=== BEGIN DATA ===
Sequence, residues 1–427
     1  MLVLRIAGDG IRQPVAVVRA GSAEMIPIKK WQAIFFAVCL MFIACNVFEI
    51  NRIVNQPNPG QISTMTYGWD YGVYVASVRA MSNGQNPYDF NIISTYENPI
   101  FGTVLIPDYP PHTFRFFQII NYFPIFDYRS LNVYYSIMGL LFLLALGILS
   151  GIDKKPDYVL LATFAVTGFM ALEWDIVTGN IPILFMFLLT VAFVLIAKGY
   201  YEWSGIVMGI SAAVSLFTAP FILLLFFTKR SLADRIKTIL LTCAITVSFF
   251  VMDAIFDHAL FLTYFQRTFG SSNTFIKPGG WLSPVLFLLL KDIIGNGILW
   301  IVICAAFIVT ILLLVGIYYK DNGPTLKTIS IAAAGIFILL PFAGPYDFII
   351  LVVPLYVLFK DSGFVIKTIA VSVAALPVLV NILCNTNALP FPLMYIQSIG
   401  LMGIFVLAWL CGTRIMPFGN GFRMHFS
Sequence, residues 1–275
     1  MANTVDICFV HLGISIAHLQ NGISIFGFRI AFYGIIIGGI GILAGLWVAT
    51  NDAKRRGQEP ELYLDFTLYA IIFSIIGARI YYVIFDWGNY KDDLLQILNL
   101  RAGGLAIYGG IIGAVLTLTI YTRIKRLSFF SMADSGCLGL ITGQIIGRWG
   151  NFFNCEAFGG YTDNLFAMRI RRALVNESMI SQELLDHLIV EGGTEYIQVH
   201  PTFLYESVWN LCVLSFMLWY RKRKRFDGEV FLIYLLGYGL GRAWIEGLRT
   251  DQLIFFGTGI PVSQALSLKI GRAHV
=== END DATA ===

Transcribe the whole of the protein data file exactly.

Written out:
Sequence, residues 1–427
     1  MLVLRIAGDG IRQPVAVVRA GSAEMIPIKK WQAIFFAVCL MFIACNVFEI
    51  NRIVNQPNPG QISTMTYGWD YGVYVASVRA MSNGQNPYDF NIISTYENPI
   101  FGTVLIPDYP PHTFRFFQII NYFPIFDYRS LNVYYSIMGL LFLLALGILS
   151  GIDKKPDYVL LATFAVTGFM ALEWDIVTGN IPILFMFLLT VAFVLIAKGY
   201  YEWSGIVMGI SAAVSLFTAP FILLLFFTKR SLADRIKTIL LTCAITVSFF
   251  VMDAIFDHAL FLTYFQRTFG SSNTFIKPGG WLSPVLFLLL KDIIGNGILW
   301  IVICAAFIVT ILLLVGIYYK DNGPTLKTIS IAAAGIFILL PFAGPYDFII
   351  LVVPLYVLFK DSGFVIKTIA VSVAALPVLV NILCNTNALP FPLMYIQSIG
   401  LMGIFVLAWL CGTRIMPFGN GFRMHFS
Sequence, residues 1–275
     1  MANTVDICFV HLGISIAHLQ NGISIFGFRI AFYGIIIGGI GILAGLWVAT
    51  NDAKRRGQEP ELYLDFTLYA IIFSIIGARI YYVIFDWGNY KDDLLQILNL
   101  RAGGLAIYGG IIGAVLTLTI YTRIKRLSFF SMADSGCLGL ITGQIIGRWG
   151  NFFNCEAFGG YTDNLFAMRI RRALVNESMI SQELLDHLIV EGGTEYIQVH
   201  PTFLYESVWN LCVLSFMLWY RKRKRFDGEV FLIYLLGYGL GRAWIEGLRT
   251  DQLIFFGTGI PVSQALSLKI GRAHV